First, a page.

This weekend the first reading is a story from the life of Abraham that for most parents would be very difficult to understand in light of our view of God as a loving Father. It’s the story of Abraham offering Isaac to God as a burnt offering … and God stepping in at the last possible moment, to rescue the boy and provide an alternative.
What kind of God, we ask ourselves, would demand that a father kill his only son as a human sacrifice? And what kind of father would agree to it? In point of fact, the human race was reconciled to God through the suffering and death of His only son, who willingly offered Himself up for our sakes. And in that sense, this scenario is a prefigurement of the incarnation, Passion, death, and resurrection of Christ (which is why this reading is paired with the Gospel account of the Transfiguration, in which Christ’s divine nature is revealed to His disciples).
It is in light of this revelation that we can most fully appreciate God’s response to Abraham:
“I swear by myself, declares the LORD,
that because you acted as you did
in not withholding from me your beloved son,
I will bless you abundantly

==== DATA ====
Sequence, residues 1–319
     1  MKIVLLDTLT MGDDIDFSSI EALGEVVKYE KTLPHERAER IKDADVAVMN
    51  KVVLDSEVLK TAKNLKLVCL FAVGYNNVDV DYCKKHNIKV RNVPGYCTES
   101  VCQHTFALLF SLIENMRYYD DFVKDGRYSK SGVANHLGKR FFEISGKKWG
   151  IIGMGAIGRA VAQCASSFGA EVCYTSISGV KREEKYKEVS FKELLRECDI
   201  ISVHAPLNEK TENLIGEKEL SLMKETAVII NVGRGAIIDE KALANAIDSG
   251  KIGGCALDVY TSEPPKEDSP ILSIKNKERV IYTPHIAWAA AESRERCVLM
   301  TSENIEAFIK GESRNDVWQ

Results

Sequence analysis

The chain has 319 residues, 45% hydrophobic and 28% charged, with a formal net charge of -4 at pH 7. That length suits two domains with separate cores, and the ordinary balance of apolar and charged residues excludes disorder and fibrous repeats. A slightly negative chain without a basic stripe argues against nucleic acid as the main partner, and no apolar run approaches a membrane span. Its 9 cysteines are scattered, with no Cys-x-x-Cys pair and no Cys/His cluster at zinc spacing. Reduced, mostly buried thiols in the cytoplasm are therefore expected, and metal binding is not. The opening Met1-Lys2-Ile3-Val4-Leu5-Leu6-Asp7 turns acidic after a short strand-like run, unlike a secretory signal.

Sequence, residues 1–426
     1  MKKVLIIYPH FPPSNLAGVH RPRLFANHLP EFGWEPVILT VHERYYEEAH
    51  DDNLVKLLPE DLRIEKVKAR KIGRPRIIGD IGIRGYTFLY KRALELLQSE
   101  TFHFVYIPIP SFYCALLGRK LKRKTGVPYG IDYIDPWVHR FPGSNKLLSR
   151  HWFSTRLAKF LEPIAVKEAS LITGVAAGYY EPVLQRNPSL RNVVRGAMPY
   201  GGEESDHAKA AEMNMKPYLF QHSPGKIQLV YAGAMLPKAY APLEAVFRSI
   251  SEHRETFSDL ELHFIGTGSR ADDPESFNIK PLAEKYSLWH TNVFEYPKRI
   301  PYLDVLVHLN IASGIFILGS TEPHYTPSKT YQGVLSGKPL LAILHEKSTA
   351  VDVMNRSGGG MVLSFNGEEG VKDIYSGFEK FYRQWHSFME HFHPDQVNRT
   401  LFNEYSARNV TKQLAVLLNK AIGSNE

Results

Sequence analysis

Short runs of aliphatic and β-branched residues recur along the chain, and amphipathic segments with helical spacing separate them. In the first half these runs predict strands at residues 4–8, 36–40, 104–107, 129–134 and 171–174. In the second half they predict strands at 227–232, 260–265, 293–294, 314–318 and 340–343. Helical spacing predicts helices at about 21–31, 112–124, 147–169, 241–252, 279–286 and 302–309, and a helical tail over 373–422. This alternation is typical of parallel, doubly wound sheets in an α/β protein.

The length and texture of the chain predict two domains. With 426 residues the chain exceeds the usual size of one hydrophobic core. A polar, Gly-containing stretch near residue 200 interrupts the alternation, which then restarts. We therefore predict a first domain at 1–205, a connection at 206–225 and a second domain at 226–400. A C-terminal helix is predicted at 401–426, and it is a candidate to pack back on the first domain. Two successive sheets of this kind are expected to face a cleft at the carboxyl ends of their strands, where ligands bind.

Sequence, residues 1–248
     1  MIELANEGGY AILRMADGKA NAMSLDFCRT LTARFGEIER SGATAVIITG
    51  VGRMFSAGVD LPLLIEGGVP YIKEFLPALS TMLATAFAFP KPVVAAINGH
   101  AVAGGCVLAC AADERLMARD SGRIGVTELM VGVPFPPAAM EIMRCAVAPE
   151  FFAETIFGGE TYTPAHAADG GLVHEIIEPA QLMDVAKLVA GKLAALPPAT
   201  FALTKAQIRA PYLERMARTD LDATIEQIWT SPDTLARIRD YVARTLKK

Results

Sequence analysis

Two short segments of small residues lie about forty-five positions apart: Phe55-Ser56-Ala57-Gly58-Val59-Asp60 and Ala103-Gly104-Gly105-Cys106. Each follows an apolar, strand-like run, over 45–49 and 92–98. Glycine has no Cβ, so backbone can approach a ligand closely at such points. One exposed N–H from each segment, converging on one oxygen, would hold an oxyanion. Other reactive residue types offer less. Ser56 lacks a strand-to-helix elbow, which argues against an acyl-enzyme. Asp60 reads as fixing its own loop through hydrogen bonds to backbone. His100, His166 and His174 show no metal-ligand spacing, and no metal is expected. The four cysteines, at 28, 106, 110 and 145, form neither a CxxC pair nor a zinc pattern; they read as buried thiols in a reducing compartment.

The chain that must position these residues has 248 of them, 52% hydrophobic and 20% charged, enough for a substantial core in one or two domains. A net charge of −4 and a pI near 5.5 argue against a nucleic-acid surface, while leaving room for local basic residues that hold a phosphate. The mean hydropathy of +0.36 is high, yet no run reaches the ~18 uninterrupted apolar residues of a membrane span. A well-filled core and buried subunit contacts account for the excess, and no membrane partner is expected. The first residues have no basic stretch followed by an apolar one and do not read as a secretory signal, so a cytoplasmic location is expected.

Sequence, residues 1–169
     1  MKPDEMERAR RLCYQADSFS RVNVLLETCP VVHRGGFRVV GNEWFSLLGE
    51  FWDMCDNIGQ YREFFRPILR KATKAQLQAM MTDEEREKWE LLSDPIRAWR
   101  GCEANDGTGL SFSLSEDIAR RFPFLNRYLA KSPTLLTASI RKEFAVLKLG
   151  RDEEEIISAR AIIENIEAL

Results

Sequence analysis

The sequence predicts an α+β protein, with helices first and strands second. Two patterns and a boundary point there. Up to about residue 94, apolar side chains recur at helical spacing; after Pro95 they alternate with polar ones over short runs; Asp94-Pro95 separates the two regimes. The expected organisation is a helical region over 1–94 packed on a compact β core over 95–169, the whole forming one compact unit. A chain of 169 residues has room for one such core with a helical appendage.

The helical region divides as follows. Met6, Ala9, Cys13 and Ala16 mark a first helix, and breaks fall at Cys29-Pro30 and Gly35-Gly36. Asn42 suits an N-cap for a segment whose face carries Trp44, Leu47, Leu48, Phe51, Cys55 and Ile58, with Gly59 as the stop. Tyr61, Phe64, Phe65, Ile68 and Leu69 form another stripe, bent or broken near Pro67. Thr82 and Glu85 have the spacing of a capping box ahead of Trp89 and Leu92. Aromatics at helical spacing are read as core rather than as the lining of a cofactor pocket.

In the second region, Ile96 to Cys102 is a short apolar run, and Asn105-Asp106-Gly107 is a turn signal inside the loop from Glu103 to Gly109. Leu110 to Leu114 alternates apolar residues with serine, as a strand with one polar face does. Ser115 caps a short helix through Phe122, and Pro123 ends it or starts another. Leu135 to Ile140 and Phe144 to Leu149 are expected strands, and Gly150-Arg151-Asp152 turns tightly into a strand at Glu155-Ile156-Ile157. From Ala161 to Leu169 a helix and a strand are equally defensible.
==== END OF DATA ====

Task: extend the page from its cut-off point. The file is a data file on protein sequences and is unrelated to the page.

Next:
and make your descendants as countless
as the stars of the sky and the sands of the seashore;
your descendants shall take possession
of the gates of their enemies,
and in your descendants all the nations of the earth
shall find blessing—
all this because you obeyed my command.”
The concept of “offering up” is one that we hear frequently during the season of Lent, the notion that giving up the good things and enduring without complaint the bad, can somehow be of lasting spiritual benefit.
We do not always understand why the bad things happen: the sudden loss of a loved one, a financial setback, a professional disappointment, or the painful consequences of a bad choice (whether our own or someone else’s). The icky feelings these realities produce — anger, retribution, envy, despair, depression, and the like — often multiply the burden.
It is this secondary burden of the passions that the “offering” mitigates. Grieving the loss will undoubtedly take time (and is, after all, not a sin but a natural response). When we endure from a position of trust … rather than resistance.
Sometimes there is no getting around the pain … the only way is through it, trusting God to work through even the most difficult circumstances of our lives to create something beautiful.
Photo Credit: Peter Bentley
Just as an aside, my younger son is named Isaac (I love the name as it means “one who laughs”) and this reading is always understandably very traumatic for him. He sat in Church this morning with his hands over his ears until it was done!